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Happy Guy Fawkes Day

guy_fawkes_portraitRemember, remember the Fifth of November,
The Gunpowder Treason and Plot,
I know of no reason
Why the Gunpowder Treason
Should ever be forgot.
Guy Fawkes, Guy Fawkes, ’twas his intent
To blow up the King and Parli’ment.
Three-score barrels of powder below
To prove old England’s overthrow;
By God’s mercy he was catch’d
With a dark lantern and burning match.
Hulloa boys, Hulloa boys, let the bells ring.
Hulloa boys, hulloa boys, God save the King!
–Traditional English nursery rhyme

 

Tomorrow, November 5, is Guy Fawkes Day. While it doesn’t get a lot of press on this side of the Atlantic, it really should. It’s the day that the English remember one of their most notorious villains or one of their most celebrated heroes, depending on their mood or ideological leaning.

In the early hours of November 5, 1605, Fawkes was found hiding under the House of Lords with a cache of explosives large enough to level the entire building. It was his plan to take out the entire government — king, ministers, parliament and all — during the State Opening of Parliament. Now that’s one way to cut government spending!

Fawkes tortured and executed, of course. But he is remembered, in typically dry English humor, as the last man to enter parliament with honest intentions.

Today, the English celebrate Guy Fawkes Night with fireworks displays and by burning effigies of Fawkes or other contemporary political figures… but it’s always a little ambiguous as to whether they’re celebrating the foiling of the gunpowder plot or the spirit of rebellion behind it. But more than anything, it’s an excuse to get blind drunk and light things on fire… something that every red-blooded American should appreciate.

In just a few days, we’ll have a new president elect. I don’t know who will win, but I can say with absolute confidence that they will take office as the least popular president in history. Hillary Clinton set an all-time record this year for “strongly unfavorable” ratings from voters… only to have her record broken by Donald Trump.

This means that our two candidates are quite literally the two most hated political figures in modern history… and that even a large number of the people voting for Trump or Clinton are doing so despite hating them. Few Americans are actually voting for a person they like… they’re voting for someone they despise marginally less.

As tempting as it might be, I’m not going to recommend that you follow Guy Fawkes’ lead by putting barrels of gunpowder under Washington DC and then lighting them on fire. That’s the sort of thing that will get you locked up in Guantanamo for the rest of your life.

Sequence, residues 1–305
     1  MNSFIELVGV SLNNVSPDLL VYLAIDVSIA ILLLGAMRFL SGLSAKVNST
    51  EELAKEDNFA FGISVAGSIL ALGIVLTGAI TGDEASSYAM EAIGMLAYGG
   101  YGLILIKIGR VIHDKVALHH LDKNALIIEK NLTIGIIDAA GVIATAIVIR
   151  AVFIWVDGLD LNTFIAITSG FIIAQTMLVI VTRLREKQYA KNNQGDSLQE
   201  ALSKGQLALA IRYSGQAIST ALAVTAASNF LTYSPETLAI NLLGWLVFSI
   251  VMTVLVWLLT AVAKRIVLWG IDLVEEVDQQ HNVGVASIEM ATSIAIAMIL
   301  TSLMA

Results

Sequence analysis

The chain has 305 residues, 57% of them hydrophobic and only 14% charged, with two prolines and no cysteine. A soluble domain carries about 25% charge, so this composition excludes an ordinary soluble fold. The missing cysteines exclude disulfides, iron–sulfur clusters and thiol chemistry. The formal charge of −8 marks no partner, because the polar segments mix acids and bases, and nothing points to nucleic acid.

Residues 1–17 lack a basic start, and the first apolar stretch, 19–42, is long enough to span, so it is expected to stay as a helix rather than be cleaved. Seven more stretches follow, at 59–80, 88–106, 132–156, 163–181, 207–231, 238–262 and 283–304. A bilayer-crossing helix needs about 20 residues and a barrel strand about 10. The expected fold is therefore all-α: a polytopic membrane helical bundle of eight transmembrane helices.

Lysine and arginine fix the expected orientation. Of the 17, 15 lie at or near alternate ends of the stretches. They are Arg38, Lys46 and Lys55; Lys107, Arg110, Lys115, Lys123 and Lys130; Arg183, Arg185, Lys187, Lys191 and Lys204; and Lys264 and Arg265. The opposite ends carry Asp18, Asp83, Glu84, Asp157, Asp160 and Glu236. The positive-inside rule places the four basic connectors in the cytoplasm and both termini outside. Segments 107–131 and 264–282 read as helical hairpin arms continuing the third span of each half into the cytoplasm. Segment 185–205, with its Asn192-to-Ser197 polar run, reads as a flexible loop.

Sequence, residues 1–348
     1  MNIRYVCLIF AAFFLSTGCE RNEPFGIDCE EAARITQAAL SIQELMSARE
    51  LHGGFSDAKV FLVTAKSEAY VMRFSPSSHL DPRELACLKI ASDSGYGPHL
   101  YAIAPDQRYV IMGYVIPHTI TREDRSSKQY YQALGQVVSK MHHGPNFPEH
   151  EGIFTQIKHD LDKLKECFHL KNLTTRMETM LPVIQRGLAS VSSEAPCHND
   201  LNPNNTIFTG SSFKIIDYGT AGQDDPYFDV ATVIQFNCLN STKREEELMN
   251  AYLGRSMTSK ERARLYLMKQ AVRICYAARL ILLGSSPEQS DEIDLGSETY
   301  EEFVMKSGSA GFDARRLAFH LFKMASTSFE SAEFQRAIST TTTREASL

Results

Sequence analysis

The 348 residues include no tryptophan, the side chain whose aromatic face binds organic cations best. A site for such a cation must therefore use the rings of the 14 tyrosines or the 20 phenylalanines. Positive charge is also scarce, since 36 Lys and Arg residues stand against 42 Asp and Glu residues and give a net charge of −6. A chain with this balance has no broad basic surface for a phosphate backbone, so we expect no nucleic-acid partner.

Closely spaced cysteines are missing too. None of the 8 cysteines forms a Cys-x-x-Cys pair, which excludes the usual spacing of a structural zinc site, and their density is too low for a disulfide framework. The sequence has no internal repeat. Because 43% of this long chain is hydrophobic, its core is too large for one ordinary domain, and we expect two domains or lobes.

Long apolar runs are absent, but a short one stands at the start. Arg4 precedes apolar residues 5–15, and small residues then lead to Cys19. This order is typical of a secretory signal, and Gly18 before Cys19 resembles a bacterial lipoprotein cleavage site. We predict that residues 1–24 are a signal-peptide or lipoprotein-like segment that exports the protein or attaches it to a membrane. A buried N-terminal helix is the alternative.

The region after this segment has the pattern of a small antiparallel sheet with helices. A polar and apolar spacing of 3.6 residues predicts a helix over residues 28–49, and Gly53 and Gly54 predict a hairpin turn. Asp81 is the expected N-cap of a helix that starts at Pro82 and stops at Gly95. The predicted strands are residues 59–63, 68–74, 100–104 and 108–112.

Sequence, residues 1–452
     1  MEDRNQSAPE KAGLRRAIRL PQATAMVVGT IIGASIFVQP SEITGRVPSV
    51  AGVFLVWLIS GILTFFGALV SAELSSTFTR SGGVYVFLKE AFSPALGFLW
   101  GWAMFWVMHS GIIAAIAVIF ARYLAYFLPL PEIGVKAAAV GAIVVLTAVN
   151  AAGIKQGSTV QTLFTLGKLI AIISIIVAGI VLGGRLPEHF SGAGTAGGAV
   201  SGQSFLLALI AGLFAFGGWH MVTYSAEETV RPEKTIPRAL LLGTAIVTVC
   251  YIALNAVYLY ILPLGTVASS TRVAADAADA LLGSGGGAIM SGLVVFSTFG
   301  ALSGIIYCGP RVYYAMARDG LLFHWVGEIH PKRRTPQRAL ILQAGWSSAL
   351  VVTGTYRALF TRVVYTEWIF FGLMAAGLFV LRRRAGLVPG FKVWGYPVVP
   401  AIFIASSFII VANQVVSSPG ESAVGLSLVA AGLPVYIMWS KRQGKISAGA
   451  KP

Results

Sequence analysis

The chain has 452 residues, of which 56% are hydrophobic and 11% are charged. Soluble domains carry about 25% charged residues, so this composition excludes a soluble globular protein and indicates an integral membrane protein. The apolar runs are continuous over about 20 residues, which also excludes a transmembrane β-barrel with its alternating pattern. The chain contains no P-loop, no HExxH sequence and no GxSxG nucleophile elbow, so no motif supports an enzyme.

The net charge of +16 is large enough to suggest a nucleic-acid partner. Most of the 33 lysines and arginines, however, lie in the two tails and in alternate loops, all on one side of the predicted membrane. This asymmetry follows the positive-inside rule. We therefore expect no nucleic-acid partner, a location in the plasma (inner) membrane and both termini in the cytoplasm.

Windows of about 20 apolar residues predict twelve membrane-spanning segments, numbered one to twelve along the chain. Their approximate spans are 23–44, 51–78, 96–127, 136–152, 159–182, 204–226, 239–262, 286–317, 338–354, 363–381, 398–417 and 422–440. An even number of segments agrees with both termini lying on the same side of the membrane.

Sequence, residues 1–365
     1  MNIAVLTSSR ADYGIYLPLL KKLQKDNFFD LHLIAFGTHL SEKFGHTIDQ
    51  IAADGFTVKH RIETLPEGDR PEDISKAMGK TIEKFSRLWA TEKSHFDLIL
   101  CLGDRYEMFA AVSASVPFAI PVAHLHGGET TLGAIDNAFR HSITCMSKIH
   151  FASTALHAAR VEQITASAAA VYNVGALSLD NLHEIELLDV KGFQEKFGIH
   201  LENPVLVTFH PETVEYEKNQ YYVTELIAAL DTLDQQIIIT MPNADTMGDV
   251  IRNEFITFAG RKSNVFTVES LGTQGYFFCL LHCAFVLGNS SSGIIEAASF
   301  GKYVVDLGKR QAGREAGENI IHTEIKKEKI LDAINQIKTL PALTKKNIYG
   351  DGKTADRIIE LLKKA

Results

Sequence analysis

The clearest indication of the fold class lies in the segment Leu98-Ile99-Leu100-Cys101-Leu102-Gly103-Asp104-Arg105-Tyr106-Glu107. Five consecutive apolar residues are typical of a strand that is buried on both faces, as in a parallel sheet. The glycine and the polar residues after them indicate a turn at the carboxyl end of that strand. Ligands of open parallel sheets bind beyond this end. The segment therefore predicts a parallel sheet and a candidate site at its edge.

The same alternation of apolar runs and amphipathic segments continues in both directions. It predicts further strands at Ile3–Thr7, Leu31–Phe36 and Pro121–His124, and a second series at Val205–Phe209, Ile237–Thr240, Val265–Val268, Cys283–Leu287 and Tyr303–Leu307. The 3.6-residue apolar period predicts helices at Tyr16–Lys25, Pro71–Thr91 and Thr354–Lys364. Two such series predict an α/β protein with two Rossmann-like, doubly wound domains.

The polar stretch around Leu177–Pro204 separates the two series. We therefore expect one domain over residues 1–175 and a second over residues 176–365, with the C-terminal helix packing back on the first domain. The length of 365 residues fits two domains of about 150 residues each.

But I do encourage you to take a step back and keep it in perspective. Whoever wins on November 8, we’re still going to have to go to work the next day, and we’re still going to have portfolios to manage. And while I can’t stand either candidate, most of their policy points are actually fairly harmless. For all the hysterics, neither is a budding dictator, and the more extreme policy proposals will never survive negotiations with Congress.

So, let’s do this. Tomorrow night, light up your fire pit if you have one, and pour yourself a drink. In English style, make an effigy of whichever candidate you hate more and throw them on the fire. But be happy that, whichever truly despicable person gets elected in a few days, you still live in a free country, and that’s not going to change.

And on Wednesday, the day after this awful election, we’ll get back to the business of making money.

A very happy Guy Fawkes Day to all of the libertarians, anarchists and other assorted good-hearted ne’er-do-wells out there. Don’t get in too much trouble.

Disclaimer: This material is provided for informational purposes only, as of the date hereof, and is subject to change without notice. This material may not be suitable for all investors and is not intended to be an offer, or the solicitation of any offer, to buy or sell any securities nor is it intended to be investment advice. You should speak to a financial advisor before attempting to implement any of the strategies discussed in this material. There is risk in any investment in traded securities, and all investment strategies discussed in this material have the possibility of loss. Past performance is no guarantee of future results. The author of the material or a related party will often have an interest in the securities discussed. Please see Full Disclaimer for a full disclaimer.